MVR: Basically, my occupation is invalid in the world that we live in, in South Africa. Like I’m currently on the top step of what I’m at and in terms of the teams and stuff. But it’s my heart, it’s my passion and you can’t really study for what I do. In Europe and the UK you can go study a four year degree. But we’ve had guys now here in South Africa, in Pretoria that has brought the whole programme over, which is fantastic. I went to go and see them last week.
GDK: TalkZone guys?
MVR: Yes, TalkZone guys, Dirk and them. They got a couple of guys together and brought the whole project and I went to go see what’s happening there. Last or just before Joburg2c, it’s fantastic. It’s so great to get people in for two weeks, give them a degree, give a valid, you study properly.
GDK: It’s an internationally recognised certificate.
MVR: Yes, basically a certificate comes from the UK base. So you get a printed certificate from UK which is fantastic and because our jobs have become very, our bikes are 160 grand. Our jobs are more like engineering jobs than just putting on tyres and fixing the normal things you know.
GDK: Yes, so let’s get to that. At the end of the day the guys will get into the finish here, they hand their bikes over to you, what is the process from there?
What happens to a pros bike after a stage race?
MVR: They come in, I do the setup obviously, then I take the bikes. They obviously have full trust in me and they know exactly that I know what to do. So basically I take the bikes, I first take it to the wash bay. We obviously can’t work on dirty bikes. Then it needs to be spot on clean, it needs to shine and then we literally have a little bit of a breather.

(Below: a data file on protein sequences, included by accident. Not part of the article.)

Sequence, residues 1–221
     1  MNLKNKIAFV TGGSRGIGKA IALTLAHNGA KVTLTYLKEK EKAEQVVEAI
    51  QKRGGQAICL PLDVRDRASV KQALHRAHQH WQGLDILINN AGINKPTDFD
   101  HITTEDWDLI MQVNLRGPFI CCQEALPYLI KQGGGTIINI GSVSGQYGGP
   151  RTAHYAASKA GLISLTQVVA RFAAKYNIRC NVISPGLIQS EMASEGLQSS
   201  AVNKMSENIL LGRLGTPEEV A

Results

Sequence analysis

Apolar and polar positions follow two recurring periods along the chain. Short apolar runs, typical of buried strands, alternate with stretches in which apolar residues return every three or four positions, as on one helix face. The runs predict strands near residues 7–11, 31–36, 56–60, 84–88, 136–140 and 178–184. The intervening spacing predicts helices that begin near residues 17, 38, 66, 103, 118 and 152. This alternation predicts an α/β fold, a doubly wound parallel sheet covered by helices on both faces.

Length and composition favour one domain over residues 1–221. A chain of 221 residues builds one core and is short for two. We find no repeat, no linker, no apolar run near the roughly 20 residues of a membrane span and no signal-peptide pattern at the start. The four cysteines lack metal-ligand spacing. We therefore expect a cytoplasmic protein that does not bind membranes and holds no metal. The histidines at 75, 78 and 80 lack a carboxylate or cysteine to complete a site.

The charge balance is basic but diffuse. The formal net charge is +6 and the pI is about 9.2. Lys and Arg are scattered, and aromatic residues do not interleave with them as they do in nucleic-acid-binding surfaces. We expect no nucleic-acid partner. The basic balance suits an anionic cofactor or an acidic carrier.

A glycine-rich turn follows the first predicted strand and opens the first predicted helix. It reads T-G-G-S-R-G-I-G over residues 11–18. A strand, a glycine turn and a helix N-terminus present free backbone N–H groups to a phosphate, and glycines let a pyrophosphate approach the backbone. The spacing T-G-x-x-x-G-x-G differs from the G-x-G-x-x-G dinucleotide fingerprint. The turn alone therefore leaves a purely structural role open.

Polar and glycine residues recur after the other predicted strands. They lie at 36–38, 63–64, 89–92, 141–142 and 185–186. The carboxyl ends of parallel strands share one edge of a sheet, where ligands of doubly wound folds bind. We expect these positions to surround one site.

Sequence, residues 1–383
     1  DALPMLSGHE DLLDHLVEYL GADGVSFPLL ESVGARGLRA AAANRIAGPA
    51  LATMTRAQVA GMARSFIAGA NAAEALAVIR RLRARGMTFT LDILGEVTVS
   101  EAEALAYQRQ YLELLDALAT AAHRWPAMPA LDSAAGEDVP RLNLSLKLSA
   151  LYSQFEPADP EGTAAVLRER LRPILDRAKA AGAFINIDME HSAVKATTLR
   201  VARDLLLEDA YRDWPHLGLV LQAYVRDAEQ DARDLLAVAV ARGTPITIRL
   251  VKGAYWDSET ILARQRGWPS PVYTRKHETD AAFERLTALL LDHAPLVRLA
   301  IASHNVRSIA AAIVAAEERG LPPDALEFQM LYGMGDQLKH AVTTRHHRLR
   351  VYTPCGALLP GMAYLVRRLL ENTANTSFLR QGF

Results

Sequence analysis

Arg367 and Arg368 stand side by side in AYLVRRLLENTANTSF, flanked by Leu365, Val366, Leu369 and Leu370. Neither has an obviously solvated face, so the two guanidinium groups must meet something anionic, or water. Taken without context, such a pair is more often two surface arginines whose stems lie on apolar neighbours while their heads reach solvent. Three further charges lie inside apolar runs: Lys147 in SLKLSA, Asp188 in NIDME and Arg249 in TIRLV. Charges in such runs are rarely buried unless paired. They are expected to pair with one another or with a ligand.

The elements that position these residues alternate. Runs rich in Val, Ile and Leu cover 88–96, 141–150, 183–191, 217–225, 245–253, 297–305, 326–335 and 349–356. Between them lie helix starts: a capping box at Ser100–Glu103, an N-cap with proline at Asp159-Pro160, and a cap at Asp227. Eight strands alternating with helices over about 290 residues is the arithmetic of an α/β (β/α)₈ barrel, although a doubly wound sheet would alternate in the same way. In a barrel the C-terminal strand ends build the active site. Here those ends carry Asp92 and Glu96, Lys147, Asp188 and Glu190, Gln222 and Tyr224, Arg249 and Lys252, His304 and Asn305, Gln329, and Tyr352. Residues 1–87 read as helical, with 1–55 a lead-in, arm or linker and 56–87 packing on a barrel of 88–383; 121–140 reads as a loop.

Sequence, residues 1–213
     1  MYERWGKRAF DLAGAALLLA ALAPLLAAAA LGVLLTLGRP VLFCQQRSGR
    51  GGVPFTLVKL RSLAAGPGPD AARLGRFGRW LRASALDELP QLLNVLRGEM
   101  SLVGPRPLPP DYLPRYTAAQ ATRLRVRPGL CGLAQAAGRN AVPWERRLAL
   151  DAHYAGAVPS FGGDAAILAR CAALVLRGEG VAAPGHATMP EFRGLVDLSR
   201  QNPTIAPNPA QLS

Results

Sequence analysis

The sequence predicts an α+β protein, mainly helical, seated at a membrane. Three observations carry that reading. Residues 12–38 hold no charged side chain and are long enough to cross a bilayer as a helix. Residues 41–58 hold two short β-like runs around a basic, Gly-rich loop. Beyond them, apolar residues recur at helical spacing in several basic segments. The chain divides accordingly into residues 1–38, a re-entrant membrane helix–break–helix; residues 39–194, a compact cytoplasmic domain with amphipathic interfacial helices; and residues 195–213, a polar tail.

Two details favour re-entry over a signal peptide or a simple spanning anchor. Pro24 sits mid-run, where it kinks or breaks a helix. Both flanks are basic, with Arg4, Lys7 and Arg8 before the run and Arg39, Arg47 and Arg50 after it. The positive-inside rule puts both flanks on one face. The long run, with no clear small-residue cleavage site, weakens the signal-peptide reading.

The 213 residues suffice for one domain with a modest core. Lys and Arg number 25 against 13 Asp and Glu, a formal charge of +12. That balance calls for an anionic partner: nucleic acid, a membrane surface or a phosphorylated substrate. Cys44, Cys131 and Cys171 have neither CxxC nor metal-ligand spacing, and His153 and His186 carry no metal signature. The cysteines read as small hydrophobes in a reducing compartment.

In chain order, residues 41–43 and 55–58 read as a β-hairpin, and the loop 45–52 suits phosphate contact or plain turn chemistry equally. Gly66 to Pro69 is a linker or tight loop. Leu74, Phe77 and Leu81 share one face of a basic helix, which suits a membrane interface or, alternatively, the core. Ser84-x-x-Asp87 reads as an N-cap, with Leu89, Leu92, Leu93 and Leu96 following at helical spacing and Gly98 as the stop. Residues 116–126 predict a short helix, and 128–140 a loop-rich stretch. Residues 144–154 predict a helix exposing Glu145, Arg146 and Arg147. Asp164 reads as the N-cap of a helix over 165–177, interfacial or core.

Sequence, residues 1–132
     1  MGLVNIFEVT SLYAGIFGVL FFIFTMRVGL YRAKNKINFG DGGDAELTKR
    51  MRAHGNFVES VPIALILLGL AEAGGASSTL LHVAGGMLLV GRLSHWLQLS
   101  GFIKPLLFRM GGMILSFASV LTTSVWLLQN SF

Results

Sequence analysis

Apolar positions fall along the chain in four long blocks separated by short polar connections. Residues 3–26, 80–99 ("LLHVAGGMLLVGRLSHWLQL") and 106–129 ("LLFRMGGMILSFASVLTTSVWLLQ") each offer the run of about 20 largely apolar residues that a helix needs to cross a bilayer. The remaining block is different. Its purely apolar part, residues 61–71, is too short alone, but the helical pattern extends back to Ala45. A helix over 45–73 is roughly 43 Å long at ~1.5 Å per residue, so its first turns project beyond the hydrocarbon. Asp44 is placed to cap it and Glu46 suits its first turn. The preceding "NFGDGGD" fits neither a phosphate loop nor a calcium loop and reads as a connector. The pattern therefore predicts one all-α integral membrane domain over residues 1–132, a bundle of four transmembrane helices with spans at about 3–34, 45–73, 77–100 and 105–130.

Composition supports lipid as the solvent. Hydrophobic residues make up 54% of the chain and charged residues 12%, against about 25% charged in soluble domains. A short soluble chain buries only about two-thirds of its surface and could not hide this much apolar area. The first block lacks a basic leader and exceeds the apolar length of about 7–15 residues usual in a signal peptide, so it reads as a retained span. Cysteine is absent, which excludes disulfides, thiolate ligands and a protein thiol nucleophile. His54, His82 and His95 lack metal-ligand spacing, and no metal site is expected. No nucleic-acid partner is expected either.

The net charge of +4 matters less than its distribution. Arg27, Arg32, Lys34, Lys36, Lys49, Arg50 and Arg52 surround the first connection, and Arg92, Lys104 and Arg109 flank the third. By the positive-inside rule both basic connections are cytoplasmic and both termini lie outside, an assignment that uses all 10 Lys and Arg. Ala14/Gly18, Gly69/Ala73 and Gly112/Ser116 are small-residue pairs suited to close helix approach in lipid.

We eat something small and then we start but then you start from, sometimes Nico and them, on a different day they want slicker tyres, faster rolling tyres. Maybe sometimes a little bit of oil change in the suspension, depends on if there’s a lot of downhill, a lot of fast roads. Brakes needs to be, you know there’s, like sometimes it’s only two bikes but it takes me like four, five hours per day per bike, depends on the amount of terrain. Also obviously wet and dry at the difference.
GDK: So the muddier they are, the longer it’ll take.
MVR: We’ll be out there for days if it is muddy.
GDK: Do you completely strip the bike?
MVR: Bikes are not made to strip every day because then it wears and tears. That’s the thing and that’s where people gets it sometimes wrong. But obviously we strip a big part of it and we obviously knew what I did the day before and the day before and the day before.